Table 3. Specificity demonstrated by inhibition potential of interferon beta (IFN-β) and similar molecules.
Six serial dilutions of the PC ranging from 1,000 to 0.005 ng/mL spanning the assay cut-point in six assay runs by two operators revealed a mean concentration at assay cut-point of 12.15 ng/mL, with a SD of 7.76 ng/mL. Consequently, the LOD (aiming at a 1% failure rate) was calculated to be 12.12 ng/mL + (2.718 × 7.76 ng/mL) = 33.20 ng/mL (Figure 5).
Figure 5. The limit of detection (LOD) of the assay was determined by testing a calibration curve [serial dilutions of the positive control (PC) in pooled human serum ranging from 1000 to 0.005 ng/mL] spanning the cut-point in six assay runs by two operators (A). The concentration of the PC yielding an assay response at the cut-point was interpolated using a 4PL fitting model (B), and the LOD calculated to be 33.20 ng/mL.
Sensitivity Confirmation and Recovery
The response of the LPC with a PC concentration slightly below the calculated LOD (selected at 26 ng/mL during assay optimization) was above the assay cut-point (screening and confirmation) in all individual sera tested, confirming an assay sensitivity at the level of the LPC. This was also shown for concentrations of the PC of 40 and 60 ng/mL (Figure 6). Furthermore, the LPC was detected positive during all the precision runs (54 values). In addition, the mean recovery tested for the HPC and the LPC did fulfill the anticipated range of 70–130% (Table 2), again supporting the determined assay sensitivity. The results also confirmed the selected MRD at 1 in 50 of the samples to be appropriate to minimize matrix effects.
Figure 6. The response of low-positive control (LPC) at 26 ng/mL (A) was above the assay cut-point (screening and confirmation) in all individual sera tested confirming an assay sensitivity at the level of the LPC (slightly below the calculated limit of detection), as well as at 40 ng/mL, (B) and at 60 ng/mL (C) of the positive control antibody. HIS, human individual serum; cut-point range: maximal and minimal floating cut-point of the runs of this experiment.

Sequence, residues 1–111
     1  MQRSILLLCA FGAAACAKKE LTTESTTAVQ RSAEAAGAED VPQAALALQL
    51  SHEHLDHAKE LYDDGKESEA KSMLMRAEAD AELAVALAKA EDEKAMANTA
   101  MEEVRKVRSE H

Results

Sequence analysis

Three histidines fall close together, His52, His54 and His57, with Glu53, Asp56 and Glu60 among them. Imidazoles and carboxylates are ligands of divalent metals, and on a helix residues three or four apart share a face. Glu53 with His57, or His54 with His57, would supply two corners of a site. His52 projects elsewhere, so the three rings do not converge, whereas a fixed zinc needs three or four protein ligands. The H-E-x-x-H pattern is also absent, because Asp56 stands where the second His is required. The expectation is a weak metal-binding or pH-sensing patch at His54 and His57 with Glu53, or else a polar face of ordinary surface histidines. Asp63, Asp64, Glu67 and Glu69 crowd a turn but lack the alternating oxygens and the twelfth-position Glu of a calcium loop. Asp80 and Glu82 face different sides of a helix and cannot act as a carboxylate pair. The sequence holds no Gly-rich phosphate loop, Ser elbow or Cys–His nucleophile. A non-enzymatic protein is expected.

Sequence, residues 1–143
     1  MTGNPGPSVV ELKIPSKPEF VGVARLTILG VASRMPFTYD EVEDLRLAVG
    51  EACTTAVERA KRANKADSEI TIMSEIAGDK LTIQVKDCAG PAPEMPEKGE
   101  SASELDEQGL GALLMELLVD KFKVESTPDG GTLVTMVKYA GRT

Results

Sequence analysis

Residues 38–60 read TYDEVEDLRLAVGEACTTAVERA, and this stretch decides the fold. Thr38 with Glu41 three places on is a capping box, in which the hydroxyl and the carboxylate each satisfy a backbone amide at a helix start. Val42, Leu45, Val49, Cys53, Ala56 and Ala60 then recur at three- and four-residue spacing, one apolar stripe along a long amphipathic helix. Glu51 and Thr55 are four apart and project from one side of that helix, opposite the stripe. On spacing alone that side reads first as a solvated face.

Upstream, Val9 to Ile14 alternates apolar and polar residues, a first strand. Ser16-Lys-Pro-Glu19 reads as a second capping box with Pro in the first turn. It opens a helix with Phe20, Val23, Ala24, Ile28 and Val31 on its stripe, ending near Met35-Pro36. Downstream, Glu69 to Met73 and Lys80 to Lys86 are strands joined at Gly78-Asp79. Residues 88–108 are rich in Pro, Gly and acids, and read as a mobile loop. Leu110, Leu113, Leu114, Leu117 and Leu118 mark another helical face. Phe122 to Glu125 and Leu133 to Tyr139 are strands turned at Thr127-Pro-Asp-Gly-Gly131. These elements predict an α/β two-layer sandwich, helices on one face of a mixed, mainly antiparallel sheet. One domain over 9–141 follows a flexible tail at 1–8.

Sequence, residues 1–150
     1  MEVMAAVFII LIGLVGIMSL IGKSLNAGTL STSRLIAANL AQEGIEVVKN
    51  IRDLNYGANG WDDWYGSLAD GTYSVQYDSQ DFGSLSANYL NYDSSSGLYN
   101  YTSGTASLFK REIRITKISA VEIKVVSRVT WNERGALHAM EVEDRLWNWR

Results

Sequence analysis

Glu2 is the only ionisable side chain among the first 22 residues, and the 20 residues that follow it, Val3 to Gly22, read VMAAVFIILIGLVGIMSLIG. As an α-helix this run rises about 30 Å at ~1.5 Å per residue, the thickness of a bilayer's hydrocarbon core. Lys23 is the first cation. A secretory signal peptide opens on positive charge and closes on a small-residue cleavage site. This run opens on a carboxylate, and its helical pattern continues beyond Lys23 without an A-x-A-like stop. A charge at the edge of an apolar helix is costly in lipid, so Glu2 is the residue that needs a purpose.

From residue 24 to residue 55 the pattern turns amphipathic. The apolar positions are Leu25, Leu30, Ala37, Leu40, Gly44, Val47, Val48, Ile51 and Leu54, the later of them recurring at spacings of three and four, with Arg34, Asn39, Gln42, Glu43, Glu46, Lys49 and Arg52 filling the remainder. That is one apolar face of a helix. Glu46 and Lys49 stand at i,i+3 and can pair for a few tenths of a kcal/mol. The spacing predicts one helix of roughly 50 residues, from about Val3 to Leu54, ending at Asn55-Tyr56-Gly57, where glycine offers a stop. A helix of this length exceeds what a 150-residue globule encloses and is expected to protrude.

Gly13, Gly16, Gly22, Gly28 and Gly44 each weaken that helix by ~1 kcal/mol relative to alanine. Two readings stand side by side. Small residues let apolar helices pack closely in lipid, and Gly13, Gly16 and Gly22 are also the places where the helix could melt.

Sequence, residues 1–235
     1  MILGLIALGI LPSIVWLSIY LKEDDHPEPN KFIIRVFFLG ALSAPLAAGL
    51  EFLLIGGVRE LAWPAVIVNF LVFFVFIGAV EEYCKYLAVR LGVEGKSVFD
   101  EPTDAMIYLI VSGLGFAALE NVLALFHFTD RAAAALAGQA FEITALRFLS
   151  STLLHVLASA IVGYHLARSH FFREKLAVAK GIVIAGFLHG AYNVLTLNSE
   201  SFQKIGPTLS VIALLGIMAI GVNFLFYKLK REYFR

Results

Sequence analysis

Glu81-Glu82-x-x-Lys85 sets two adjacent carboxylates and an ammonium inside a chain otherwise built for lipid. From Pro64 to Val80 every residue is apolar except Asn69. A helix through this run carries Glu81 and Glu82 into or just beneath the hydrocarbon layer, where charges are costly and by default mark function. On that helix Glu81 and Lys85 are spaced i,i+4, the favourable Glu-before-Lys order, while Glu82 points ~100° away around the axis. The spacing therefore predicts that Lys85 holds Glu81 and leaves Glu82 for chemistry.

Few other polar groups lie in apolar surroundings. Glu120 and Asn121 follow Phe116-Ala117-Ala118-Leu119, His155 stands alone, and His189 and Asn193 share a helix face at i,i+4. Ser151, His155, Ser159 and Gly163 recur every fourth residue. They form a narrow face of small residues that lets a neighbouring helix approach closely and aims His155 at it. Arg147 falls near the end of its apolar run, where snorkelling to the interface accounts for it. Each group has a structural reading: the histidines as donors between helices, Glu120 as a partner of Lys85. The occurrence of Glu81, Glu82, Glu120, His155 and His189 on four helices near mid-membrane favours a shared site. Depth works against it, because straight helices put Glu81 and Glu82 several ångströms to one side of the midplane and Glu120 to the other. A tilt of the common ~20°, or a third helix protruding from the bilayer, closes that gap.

Assay Precision and Acceptance Criteria
Precision and acceptance criteria for the controls used were assessed. For the NC, the intra-batch precision of the screening assay ranged from 2.8 to 32.0%. The inter-batch precision and the upper limit for the NC were calculated as listed in Table 2. The intra-batch precision of the screening assay for the HPC ranged from 2.1 to 17.6%, and for the LPC, from 9.8 to 31.3%. The inter-batch and the upper and lower limits of the PCs are found in Table 2. The precision of the confirmatory assay for the HPC ranged from 0.14 to 3.19%, and the acceptance criteria were calculated at 94.54–98.62% inhibition for the HPC. The precision of the confirmatory assay for the LPC ranged from 6.38 to 18.23%, and the acceptance criteria were calculated at 53.65–76.58% inhibition for the LPC.